In the past few years I and partners have removed a few old bolts, tree snags, and cord from belays where new bolts exist, or we directly replaced a few old bolts with new ones. I also added 2 bolts on a belay ledge atop P3, where a piton and large slung horn provided the belay shown in the '91 topo. The only functional change, in the interest of free climbing, was to eliminate the need to use the hanging belay atop P7. To this end I added a single bolt at a no-hands stance partway up the pitch which already had a piton and very small cam placement. Using this spot to belay will make a shorter and easier P7, which had been the crux pitch, and will make P8 more difficult off the belay. By breaking up the only .12a pitch with a free belay, it also might make the route realistically a sustained 5.11+ with the cruxes being P5 and P8.

P1 5.8 - Start at the right edge of the east face. Follow horizontal breaks and cracks up and left, then pop up and right to a belay ledge near a yellow lichen patch and a pine tree.

P2 5.10a/b - Crimp up and right (bolted) then move left along a flake to a belay below a nice left-facing corner. At the end of the traverse a pendulum was necessary and while I studied the situation the flake supporting the pin I was using broke off. Though the second piton was not worth much either, the third brought me to a comfortable halt. After regaining the twenty feet I had lost I executed the awkward pendulum and settled myself in a sling belay.

P3 5.10b  - Climb the left-facing quartz corner. When just below 2 bolts go hard right, stemming to a ledge ("long ledge with big horn") and a new 2-bolt anchor. A direct finish version passes a 2nd protection bolt via a 5.11- sequence, and one can then step down/right to the same anchor and ledge, or combine P3+P4.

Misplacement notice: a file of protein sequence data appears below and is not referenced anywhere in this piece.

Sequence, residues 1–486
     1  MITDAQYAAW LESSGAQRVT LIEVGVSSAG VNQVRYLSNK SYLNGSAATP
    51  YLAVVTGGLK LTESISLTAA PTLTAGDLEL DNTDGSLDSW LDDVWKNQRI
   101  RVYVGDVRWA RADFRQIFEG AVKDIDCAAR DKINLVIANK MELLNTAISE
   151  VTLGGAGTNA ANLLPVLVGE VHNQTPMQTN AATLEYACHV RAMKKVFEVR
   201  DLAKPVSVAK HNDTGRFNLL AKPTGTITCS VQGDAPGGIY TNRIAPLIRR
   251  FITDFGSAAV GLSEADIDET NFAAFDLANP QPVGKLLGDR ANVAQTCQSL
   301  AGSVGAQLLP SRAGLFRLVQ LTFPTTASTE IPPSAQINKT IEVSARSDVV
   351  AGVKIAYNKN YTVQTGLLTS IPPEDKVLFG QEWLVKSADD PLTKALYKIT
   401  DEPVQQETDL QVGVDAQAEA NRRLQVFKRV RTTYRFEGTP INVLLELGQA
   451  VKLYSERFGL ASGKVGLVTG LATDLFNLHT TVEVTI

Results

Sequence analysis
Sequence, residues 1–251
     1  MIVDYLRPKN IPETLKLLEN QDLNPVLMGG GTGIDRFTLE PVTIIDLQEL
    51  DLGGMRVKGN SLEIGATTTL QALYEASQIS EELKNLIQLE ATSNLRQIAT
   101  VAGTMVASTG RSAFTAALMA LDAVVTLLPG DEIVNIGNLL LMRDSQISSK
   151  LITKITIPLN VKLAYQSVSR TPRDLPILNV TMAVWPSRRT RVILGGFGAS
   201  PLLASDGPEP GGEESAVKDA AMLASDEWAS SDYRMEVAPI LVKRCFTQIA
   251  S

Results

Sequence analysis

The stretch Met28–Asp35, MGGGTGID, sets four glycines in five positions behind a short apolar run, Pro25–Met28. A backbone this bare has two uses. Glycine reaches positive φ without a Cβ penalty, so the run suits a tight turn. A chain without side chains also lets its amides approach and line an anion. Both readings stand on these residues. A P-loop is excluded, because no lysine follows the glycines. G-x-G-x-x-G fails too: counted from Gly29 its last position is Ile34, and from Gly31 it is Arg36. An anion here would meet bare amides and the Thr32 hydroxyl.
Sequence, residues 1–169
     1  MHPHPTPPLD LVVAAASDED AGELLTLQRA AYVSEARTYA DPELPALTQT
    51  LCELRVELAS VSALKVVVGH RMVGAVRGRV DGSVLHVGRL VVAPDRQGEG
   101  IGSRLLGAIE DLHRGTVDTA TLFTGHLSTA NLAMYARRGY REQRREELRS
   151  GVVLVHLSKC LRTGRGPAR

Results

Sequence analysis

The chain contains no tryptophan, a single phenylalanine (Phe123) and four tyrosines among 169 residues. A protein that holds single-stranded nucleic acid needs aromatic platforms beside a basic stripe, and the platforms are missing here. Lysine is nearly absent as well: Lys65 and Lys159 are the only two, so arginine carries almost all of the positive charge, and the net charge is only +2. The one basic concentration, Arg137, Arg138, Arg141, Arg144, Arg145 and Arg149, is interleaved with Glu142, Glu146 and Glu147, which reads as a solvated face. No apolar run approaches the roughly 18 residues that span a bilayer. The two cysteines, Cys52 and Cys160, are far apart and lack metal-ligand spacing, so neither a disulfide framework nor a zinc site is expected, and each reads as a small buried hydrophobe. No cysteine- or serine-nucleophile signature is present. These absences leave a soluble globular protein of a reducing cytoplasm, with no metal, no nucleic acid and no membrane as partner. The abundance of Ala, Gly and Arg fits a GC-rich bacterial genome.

[I think it's best to link P4+P5 due to belay comfort and fall possibilities low on P5]

P4 5.8 - Pass the snag and climb the chimney/OW for 40' to a small alcove under the red-colored Baer Ceiling. "After stemming up a narrow chimney we reached the “Baer Ceiling.” As Hans before us, we could see no cracks ahead but only an endless succession of ceilings and overhangs. Discouraged by the slow progress and thoughts of a bleak future, we strung out our hammocks for the night."

P5 5.11c - Climb out the ramp on the left, which becomes a shallow corner. Cruxy face moves continue up and left, then back right. This section has a fixed pin and large copperhead, but requires some small cams and wires. Continue up easier moves to a mantle and a bolt-protected 5.11a/b slab move, finally reaching an easier lieback flake and a belay just right of the Block Ceiling. This pitch might be the sleeper crux of the route, and was not climbed by the 1995 team who put in a bolt and climbed a 5.11a alternate pitch off to the right of the Baer Ceiling.

P6 5.11b/c - Swing out left to the thin crack, protected by pitons and good small gear. Pass the 3 stepped "Cascade Ceilings" where a few more pitons and some small cams lead to a mantle.